WASHINGTON -- Friday's debate at the Institute for Science inSociety's 1993 Food Biotechnology Conference focused on theindustry's responsibility to communicate with the public -- andthe risks it runs if it doesn't.
"It is important for the industry to be as open as possible," saidkeynote speaker Sen. Patrick Leahy, D-Vt. "If you lose publicconfidence, the backlash will be severe."
The most important issue is labeling, Leahy said. "Consumerswant to know what goes into the food they eat. As chairman ofthe Agriculture, Nutrition, and Forestry Committee, I see themail from all over the country. They want not just food safetyinformation, but methods of production and processing."
Some in the industry think the mere discussion of "social andethical ramifications could end up stifling biotechnology," saidLeahy. But attempts to suppress the debate will only lead to"hysteria and the kind of controversy that is driven more bythe egos of (those who thrive on making trouble) than by the(rational) concerns of others."
Dorothy Nelkin, a professor of sociology at New York Universitywho studies controversies over science and technology warnedthat disrespect for the public's concerns would tar the industrywith the same brush that blackened nuclear power.
"Scientists often assume that public concerns about technologyreflect fears of risk caused by lack of knowledge, irrationalityor misunderstanding," Nelkin said. Denying the legitimacy ofthe public's concerns would only raise the level of mistrust.
The ethical implications of biotechnology are perhaps the majorsource of opposition," Nelkin continued. "An unlikely coalitionof religious, environmental and animal rights groups ... rejectthe definition of animals as resources, commodities or ...'compositions of matter.' "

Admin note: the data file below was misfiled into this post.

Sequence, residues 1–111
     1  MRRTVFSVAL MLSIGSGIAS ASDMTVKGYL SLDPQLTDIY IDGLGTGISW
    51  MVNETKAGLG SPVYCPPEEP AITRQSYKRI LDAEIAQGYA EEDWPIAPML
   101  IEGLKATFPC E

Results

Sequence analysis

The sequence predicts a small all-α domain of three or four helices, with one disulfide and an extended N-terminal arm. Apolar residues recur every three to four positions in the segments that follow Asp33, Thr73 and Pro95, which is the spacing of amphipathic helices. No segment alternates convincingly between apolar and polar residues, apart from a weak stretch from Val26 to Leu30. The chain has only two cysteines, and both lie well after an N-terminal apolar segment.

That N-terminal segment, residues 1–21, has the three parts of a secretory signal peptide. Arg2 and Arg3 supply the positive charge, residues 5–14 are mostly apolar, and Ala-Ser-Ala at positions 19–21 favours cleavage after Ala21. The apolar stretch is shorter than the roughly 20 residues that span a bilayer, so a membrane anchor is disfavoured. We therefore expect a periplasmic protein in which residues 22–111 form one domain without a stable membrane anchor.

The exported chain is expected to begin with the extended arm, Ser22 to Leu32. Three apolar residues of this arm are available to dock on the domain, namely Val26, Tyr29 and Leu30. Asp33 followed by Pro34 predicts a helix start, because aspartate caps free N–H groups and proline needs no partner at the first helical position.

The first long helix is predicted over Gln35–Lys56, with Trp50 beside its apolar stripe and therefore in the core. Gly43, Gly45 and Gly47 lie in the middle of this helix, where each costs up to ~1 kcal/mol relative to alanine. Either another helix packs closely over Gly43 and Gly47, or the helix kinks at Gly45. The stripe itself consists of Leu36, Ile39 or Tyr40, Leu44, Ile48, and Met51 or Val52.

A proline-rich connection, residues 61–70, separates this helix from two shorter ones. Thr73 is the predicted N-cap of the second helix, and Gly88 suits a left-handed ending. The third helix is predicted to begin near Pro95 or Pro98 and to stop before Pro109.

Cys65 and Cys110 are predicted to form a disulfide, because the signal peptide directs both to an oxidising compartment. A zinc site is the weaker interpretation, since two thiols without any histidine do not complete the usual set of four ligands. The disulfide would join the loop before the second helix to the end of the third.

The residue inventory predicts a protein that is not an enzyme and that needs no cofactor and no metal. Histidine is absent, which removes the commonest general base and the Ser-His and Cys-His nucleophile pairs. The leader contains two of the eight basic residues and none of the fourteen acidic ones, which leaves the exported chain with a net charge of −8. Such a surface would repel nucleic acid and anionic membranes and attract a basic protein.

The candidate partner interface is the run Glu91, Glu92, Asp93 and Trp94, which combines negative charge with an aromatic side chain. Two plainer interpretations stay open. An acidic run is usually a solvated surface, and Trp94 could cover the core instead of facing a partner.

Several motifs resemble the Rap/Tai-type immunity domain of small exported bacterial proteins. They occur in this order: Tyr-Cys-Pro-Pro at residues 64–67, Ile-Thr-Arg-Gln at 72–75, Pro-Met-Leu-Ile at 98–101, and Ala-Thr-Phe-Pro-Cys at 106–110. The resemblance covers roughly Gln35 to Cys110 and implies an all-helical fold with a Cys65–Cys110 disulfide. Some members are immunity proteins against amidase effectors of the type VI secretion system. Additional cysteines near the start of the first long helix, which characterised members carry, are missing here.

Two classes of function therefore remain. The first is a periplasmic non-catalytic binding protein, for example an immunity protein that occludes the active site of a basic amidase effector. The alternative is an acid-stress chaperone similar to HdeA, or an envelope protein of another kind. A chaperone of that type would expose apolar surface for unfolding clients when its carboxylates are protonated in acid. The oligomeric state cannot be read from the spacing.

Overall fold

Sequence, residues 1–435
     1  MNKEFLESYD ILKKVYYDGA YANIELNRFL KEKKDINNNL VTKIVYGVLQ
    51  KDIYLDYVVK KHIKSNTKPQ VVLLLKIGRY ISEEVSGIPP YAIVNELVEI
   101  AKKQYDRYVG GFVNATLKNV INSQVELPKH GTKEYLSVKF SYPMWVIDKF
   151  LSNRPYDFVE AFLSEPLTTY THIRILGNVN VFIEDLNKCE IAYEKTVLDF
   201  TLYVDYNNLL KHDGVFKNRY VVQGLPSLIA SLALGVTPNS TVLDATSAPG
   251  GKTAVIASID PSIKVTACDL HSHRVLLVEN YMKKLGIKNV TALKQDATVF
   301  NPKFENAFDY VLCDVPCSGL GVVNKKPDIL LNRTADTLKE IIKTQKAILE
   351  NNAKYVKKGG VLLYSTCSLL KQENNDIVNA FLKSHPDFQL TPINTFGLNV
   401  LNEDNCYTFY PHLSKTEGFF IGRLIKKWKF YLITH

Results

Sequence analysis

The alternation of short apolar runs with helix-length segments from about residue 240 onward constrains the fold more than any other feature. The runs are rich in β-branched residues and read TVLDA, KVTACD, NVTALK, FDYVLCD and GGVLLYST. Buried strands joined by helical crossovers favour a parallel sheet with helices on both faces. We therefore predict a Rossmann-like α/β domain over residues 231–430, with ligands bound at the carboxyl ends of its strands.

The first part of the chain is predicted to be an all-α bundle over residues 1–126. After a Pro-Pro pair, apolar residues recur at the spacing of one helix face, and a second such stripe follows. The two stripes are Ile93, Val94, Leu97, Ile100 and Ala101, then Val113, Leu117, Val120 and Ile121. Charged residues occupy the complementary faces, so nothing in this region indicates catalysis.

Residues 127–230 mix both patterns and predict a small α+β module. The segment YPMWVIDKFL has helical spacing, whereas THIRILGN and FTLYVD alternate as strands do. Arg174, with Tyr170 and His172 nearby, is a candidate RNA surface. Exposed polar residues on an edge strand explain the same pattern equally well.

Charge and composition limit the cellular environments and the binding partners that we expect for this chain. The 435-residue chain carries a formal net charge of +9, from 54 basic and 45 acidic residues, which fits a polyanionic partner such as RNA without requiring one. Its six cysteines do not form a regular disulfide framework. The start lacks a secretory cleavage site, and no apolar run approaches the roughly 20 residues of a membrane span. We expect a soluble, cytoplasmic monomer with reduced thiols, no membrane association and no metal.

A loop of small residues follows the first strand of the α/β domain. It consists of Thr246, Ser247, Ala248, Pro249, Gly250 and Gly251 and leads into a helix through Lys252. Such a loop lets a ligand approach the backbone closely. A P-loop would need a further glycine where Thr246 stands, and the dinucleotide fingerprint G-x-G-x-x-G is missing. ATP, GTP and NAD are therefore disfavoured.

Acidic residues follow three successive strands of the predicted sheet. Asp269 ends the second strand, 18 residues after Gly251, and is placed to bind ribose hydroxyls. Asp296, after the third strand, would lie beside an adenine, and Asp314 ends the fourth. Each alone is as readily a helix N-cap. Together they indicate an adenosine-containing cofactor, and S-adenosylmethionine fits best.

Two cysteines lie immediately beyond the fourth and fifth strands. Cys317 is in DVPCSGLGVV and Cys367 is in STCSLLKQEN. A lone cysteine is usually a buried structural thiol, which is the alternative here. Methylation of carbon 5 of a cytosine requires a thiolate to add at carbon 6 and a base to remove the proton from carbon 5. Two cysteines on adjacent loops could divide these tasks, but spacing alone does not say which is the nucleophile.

Small farmers see biotechnology applications as "designed foragribusiness," said Nelkin. Others fear that "the inevitablecorporate control ... will sacrifice public interests to theimperatives of private profit."
Suspicion of corporations also runs deep. The previous day,Rebecca Goldburg, staff scientist at the Environmental DefenseFund, had shown a slide of an advertisement from the 1950s inwhich a smiling young woman was surrounded by smiling farmanimals and smiling vegetables. The caption read: "DDT is goodfor me." There were allusions from the same era that nuclearpower would be clean, safe and "too cheap to meter."
Nor do people trust federal authorities to regulatebiotechnology. "Americans believe environmental groups overfederal agencies by a margin of 63 to 26 percent," said Nelkin.
"In sum, biotechnology has become a lightning rod for ... ethical,economic and political concerns," and brings out a fundamentalclash of moral values, conflicting visions of progress andcompeting world views," Nelkin said.
But Dennis Avery, director of global food issues at the HudsonInstitute, failed to understand the importance of having adialogue with industry opponents. Avery insightfully describedthe potential benefits to the environment from biotechnology.Agricultural biotechnology, he said, would preserve wildlife bysaving millions of acres from the plow by making agriculturemore land- efficient. Habitat destruction, he explained, is themost significant cause of species extinction, and conversion ofwild lands for agricultural purposes is a major culprit.
However, AveryUs contemptuous attitude could alienateenvironmentalists. His remarks angered several people at theconference. Nelkin called AveryUs comments Rsnide,S andGoldburg and Sharon Bloyd-Peshkin, associate editor of theVegetarian Times, walked out of the meeting.
-- David C. Holzman Washington Editor
(c) 1997 American Health Consultants. All rights reserved.